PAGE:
By JOHN FLESHER
TRAVERSE CITY -- The government has decided not to appeal a federal judge's ruling that blocked oil and gas drilling in a sensitive riverside area in northern Michigan.
U.S. District Judge David Lawson ruled in July the U.S. Forest Service had acted "arbitrarily and capriciously" in 2005 by giving Savoy Energy LP of Traverse City a permit to drill an exploratory well near the Au Sable River's south branch.
The proposed wellhead would be located in the Huron-Manistee National Forest about three-tenths of a mile from the Mason Tract, a 4,679-acre wilderness area prized by anglers and other outdoor recreationists.
Justice Department spokesman Andrew Ames said Friday there would be no appeal, declining to elaborate. The national forest office declined comment.
Groups that opposed the drilling praised the government's decision to drop the case.
"This portion of the Au Sable is the most pristine trout stream in the Lower Peninsula," said Rusty Gates, president of Anglers of the AuSable. "People come here from all over the world to enjoy the beauty and solitude afforded by this river. We're glad to see that it remains protected."
A message seeking comment was left with Savoy.
The decision doesn't necessarily stop the company from extracting the gas and oil, said Marvin Roberson, forest policy specialist for the Sierra Club. The Forest Service could perform an environmental impact study that would consider alternative locations for the drilling. Or Savoy could submit a revised application.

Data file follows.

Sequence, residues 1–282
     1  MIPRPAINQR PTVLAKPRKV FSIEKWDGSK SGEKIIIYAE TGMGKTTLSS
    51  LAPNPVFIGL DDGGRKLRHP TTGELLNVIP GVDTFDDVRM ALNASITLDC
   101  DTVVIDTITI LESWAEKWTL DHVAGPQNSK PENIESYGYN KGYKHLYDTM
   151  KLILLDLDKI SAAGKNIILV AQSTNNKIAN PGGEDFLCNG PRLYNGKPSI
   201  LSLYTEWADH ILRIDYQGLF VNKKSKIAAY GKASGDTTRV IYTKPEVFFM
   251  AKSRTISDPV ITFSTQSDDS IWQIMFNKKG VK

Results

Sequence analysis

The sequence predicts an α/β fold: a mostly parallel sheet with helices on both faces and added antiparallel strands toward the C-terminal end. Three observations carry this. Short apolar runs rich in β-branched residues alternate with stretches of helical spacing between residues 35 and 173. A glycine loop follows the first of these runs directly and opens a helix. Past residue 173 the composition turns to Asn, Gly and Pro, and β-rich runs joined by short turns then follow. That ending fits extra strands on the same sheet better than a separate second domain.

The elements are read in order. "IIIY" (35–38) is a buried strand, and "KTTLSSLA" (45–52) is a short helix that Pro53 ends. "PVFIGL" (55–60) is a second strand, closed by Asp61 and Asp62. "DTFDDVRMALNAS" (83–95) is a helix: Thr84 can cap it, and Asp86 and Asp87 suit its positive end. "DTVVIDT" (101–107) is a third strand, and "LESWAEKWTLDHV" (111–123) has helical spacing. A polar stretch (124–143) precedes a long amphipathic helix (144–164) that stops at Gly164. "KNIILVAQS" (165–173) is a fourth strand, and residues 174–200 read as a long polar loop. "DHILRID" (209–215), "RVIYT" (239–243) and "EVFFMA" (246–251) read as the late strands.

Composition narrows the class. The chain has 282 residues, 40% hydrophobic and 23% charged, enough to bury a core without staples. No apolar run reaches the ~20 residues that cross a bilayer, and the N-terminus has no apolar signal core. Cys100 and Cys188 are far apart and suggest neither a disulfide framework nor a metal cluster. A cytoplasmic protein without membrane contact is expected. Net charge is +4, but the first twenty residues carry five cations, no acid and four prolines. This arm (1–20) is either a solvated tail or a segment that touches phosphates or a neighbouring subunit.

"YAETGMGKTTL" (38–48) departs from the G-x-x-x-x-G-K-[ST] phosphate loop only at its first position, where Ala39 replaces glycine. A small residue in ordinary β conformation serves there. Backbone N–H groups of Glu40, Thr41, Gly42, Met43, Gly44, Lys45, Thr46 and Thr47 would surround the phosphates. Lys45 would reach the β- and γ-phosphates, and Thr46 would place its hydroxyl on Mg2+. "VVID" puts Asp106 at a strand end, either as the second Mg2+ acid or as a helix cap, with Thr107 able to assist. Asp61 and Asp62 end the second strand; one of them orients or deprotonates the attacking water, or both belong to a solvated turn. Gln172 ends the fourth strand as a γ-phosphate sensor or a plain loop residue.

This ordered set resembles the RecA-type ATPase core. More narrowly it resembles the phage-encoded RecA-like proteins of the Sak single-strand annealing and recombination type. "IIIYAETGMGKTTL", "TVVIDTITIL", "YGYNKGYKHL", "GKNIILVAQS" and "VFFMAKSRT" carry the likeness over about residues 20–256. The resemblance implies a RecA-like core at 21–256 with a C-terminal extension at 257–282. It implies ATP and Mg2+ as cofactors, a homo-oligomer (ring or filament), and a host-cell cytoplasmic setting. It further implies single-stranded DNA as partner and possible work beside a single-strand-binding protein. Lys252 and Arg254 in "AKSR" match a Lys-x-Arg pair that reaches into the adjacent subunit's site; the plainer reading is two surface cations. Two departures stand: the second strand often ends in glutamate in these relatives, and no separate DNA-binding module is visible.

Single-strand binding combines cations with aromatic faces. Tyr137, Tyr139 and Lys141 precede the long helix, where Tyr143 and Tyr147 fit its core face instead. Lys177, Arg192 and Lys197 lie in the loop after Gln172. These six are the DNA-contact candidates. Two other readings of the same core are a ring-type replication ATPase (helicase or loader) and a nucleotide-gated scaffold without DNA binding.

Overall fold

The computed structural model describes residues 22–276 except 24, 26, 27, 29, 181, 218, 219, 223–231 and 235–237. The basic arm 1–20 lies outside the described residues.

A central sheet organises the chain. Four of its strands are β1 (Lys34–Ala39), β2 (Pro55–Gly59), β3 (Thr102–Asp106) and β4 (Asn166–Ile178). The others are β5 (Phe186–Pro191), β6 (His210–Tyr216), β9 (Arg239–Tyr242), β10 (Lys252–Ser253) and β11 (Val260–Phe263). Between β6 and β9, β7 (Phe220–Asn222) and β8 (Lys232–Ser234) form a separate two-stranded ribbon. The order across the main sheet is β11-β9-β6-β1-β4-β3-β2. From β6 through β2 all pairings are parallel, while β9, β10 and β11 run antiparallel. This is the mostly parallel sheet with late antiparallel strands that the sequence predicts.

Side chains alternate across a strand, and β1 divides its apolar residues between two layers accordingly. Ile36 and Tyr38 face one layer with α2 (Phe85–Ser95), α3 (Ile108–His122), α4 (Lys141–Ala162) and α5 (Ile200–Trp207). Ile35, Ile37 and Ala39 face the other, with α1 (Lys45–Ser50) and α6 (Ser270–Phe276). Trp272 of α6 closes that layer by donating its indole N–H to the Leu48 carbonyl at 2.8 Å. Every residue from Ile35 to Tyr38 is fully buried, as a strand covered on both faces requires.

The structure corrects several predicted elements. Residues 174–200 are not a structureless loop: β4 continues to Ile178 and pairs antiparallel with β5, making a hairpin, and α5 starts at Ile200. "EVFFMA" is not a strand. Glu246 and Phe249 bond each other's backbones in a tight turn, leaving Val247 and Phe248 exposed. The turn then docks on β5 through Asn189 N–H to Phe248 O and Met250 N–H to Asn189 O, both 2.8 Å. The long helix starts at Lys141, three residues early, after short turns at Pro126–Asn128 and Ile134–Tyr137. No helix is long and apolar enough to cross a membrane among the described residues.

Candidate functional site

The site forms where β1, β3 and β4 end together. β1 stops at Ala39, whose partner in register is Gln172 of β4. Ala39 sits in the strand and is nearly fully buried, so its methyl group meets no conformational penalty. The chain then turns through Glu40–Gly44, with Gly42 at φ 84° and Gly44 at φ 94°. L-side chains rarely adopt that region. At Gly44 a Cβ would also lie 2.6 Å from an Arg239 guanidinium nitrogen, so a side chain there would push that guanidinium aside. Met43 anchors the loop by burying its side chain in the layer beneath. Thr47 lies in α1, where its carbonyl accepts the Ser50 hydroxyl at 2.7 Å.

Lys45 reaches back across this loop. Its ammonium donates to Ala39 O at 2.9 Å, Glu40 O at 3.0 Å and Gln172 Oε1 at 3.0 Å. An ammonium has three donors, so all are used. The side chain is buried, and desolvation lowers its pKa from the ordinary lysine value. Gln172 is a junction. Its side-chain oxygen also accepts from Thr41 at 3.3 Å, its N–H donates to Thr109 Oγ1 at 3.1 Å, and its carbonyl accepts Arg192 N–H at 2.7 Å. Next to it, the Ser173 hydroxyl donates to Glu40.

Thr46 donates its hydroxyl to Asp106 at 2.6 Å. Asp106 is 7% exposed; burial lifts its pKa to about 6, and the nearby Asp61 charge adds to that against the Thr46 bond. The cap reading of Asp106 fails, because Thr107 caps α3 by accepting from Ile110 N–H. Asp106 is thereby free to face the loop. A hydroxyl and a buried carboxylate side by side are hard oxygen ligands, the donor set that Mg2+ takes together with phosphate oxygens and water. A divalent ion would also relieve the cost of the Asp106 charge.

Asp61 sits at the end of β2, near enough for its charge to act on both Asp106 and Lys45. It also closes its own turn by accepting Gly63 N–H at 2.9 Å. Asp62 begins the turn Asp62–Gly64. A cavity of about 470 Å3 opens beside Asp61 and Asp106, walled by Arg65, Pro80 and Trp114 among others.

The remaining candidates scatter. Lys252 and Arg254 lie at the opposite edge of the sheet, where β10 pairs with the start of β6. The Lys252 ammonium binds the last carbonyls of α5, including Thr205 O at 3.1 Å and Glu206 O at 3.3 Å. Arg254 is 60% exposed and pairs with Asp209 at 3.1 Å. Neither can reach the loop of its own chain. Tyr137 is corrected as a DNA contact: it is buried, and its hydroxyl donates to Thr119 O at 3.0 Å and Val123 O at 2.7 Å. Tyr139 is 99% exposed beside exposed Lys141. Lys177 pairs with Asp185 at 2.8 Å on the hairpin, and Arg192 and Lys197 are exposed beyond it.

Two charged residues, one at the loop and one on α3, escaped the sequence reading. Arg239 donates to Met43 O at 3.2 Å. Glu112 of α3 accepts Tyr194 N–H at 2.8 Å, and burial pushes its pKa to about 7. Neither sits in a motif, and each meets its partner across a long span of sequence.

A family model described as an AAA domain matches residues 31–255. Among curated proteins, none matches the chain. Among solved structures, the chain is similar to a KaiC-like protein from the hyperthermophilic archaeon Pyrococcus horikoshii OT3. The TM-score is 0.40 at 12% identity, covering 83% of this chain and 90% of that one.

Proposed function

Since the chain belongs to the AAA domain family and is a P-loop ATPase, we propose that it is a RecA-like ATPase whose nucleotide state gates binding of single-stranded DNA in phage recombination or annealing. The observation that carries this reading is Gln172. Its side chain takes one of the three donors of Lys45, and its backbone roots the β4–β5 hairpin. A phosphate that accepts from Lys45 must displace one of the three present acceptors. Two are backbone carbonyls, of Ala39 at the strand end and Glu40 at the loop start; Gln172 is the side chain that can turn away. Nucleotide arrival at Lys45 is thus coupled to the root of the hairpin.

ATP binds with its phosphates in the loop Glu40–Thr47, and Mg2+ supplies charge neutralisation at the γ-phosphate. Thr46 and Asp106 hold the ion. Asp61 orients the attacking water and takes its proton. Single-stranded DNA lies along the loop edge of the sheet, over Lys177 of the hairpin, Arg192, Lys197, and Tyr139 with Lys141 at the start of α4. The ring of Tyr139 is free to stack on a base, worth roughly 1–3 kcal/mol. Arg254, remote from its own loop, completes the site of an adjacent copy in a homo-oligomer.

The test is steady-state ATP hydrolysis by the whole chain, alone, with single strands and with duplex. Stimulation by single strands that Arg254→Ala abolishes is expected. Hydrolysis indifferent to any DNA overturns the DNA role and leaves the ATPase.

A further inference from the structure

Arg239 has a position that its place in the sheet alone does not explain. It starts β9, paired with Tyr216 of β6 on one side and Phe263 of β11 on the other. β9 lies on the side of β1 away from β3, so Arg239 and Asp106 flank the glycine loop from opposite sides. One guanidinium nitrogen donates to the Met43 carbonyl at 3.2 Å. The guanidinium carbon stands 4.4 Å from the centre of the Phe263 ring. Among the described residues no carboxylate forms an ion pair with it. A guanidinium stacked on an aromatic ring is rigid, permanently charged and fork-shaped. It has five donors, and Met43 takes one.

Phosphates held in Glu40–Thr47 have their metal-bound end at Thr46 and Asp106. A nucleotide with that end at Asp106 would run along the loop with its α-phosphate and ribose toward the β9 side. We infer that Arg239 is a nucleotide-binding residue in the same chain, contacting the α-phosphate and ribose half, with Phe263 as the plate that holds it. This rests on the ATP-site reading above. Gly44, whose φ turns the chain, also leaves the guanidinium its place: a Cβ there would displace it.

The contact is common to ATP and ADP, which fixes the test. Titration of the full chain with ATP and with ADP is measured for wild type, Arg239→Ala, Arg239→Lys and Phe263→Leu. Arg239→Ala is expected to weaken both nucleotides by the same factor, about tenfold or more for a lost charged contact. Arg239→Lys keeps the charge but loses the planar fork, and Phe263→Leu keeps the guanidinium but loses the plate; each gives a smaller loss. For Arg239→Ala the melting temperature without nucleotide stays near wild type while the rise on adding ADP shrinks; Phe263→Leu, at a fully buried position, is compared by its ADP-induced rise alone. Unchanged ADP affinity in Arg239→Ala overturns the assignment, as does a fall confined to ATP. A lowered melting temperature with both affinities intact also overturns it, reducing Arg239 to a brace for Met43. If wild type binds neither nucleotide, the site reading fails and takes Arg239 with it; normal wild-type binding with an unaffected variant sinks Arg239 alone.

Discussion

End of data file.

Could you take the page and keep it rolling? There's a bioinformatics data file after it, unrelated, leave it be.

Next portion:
"We have never objected to Savoy getting to this mineral deposit," Roberson said. "We simply want them to move the wellhead farther from this spectacular area."
Although the Mason Tract is state property, the federal government owns rights to minerals beneath it and leased production rights to Savoy. In 2003, the company filed for a permit to drill into one of its lease holdings.
The plan was to clear about 3.5 acres of forest for a well site on federal land, then drill beneath the Mason Tract at an angle. If enough gas or oil was found, the company intended to install a pipeline and build a production facility about a mile east of the well.
The U.S. Bureau of Land Management approved the project shortly after the Forest Service granted the permit. But it has been on hold since Lawson issued an order in December 2005 blocking the company from clearing land to get started.
Forest supervisor Leanne Marten said when approving Savoy's application that the project wouldn't significantly harm the environment and that the company would be required to keep noise to a minimum.
But the judge ruled the Forest Service didn't consider how degrading the area could harm tourism, and said the agency did a "woefully inadequate" job of evaluating how the drilling might affect the Kirtland's warbler, an endangered songbird that nests in the area.
Anglers of the AuSable and the Sierra Club sued to halt the drilling. Joining the suit was Tim Mason, whose grandfather, auto executive George Mason, donated the original 1,200 acres to the state upon his death in 1954 and asked that it be maintained as wilderness.
Lawson last week denied a request by Savoy to intervene in the case.